Although this album isn't as lush as Hounds of Love or quite as polished as Utechma, these are thirteen mostly strong tracks, and I think Emilie Autumn is interesting enough to watch.

The Deluxe Edition of Opheliac includes a second disc with eight additional tracks.

Her new album, Fight Like A Girl, has just been released.

27 September 2012

A word (or two) about donations...

I considered not writing this, but I think it needs to be said.

Artists are often solicited to donate their art to fundraisers by various organizations, and although there is a reward in the simple act of giving alone, there may be reasons why it's not always a good idea.

I heard a presentation by an organization recently, and decided to donate to their annual charity art auction. I chose to donate a "good" piece; a spider painting that had been featured on the postcard advertising one of my recent shows. I figured that folks who saw the piece at the auction, if they later ran across my work at a future show, would recognize the work as mine, even if they didn't remember my name.

I've donated to a few art auctions over the years, and I've usually found them to be a positive experience. First, my work is "out there" in front of the folks attending the auction (who might be a completely different audience than the folks who come to one of my shows); the auction determines what someone is willing to pay for the work, helping me to establish (as much as possible) it's "true value"); and I get another name for my mailing list--someone who already owns one of my paintings!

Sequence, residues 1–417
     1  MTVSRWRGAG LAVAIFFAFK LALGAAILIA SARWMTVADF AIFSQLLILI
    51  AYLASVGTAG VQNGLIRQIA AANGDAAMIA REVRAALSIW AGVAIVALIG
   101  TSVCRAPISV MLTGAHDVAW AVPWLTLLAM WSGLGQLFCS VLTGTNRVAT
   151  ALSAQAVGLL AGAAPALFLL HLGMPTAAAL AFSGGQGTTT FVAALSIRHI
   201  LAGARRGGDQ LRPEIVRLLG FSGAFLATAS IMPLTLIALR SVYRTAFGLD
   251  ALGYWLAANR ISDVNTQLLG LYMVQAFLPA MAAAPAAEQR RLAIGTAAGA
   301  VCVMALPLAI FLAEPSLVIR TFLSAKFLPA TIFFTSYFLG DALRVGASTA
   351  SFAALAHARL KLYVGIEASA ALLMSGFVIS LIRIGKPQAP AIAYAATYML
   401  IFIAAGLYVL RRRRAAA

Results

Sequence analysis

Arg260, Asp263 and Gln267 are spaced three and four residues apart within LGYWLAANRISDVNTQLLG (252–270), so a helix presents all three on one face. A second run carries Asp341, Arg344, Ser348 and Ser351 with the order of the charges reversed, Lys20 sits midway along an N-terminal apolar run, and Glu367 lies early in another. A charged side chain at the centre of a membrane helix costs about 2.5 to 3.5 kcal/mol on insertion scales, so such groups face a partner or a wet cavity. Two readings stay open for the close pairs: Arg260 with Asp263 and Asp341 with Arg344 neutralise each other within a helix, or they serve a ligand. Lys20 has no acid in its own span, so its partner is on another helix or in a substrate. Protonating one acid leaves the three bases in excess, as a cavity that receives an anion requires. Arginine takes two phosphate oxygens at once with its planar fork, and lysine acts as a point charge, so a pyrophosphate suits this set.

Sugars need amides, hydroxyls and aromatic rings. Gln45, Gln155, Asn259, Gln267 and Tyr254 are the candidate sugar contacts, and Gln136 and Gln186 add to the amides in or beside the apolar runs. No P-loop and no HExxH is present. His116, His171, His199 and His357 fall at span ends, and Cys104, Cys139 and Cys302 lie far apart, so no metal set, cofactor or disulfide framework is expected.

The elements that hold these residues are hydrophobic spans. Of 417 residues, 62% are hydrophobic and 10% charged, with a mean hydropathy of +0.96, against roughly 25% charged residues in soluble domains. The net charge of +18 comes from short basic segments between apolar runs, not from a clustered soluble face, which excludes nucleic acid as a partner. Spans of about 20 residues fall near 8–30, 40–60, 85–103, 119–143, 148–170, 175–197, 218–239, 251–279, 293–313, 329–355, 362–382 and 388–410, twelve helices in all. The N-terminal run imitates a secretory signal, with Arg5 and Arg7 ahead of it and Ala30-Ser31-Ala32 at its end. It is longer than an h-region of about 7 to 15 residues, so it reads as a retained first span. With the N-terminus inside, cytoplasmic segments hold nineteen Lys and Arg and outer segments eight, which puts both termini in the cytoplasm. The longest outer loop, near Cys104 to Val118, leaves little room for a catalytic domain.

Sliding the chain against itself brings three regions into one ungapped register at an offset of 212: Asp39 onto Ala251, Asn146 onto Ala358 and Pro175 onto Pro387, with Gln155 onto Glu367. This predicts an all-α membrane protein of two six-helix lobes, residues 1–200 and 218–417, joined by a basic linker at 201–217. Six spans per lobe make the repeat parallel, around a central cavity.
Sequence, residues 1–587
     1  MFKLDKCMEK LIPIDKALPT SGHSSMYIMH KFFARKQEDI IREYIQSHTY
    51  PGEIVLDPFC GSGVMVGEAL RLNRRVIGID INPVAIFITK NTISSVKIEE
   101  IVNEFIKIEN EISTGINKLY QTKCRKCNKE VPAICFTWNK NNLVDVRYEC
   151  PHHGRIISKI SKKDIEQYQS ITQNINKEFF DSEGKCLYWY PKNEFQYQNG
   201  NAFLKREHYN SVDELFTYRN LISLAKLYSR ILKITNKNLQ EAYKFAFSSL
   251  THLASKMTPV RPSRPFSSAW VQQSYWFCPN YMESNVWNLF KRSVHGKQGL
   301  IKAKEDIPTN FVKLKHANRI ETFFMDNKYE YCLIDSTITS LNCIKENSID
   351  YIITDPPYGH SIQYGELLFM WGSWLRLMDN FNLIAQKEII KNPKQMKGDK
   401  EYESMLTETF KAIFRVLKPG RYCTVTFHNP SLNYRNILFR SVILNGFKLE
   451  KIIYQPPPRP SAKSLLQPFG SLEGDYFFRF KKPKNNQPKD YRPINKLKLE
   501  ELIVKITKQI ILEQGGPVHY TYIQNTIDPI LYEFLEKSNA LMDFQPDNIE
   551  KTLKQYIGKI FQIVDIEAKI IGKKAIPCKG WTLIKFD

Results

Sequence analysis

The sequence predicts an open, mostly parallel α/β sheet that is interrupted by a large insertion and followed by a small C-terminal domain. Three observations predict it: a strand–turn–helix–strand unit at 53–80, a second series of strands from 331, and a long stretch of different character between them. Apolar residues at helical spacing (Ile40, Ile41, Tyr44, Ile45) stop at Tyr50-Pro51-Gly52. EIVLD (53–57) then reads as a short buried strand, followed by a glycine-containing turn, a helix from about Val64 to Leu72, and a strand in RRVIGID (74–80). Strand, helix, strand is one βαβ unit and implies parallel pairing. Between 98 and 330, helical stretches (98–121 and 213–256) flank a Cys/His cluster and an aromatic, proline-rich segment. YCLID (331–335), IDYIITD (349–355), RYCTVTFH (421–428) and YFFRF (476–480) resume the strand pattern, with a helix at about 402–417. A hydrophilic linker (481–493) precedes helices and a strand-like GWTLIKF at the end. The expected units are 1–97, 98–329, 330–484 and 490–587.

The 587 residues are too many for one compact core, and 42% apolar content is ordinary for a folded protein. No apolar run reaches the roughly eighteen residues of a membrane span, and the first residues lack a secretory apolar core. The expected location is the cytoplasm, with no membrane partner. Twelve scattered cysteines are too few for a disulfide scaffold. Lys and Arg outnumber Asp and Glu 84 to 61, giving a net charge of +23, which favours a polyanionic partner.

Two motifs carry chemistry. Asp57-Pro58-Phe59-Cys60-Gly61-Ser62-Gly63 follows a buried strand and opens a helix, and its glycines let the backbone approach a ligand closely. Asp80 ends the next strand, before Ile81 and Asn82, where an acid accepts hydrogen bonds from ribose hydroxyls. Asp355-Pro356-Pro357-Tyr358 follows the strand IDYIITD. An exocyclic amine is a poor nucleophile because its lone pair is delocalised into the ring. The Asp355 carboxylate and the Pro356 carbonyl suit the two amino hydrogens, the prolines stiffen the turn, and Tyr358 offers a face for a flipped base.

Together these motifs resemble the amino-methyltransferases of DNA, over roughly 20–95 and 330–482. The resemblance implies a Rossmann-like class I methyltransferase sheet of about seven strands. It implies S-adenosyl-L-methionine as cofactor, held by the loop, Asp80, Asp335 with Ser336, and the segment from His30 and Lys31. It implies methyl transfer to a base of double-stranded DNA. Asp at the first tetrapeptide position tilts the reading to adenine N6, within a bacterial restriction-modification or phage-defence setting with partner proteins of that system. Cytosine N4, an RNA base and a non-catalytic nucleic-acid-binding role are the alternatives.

This particular auction, though, chose not to provide donating artists with the contact information for the folks who bought our work. Although I received the donation form, for tax purposes, showing that I donated a painting, having a way to contact another person who liked my work well enough to pay for it, is really important to me.

One local organization actually provides each donating artist a complete contact list for everyone who makes a purchase at their annual art auction. The name(s) of those who bought work from the artist receiving the specific list, is circled.

Although I don't regret the decision to donate work to this particular auction, I think that--given the fact that there are always more organizations looking for donations than I have work available to donate, I will not be donating to this particular auction, again.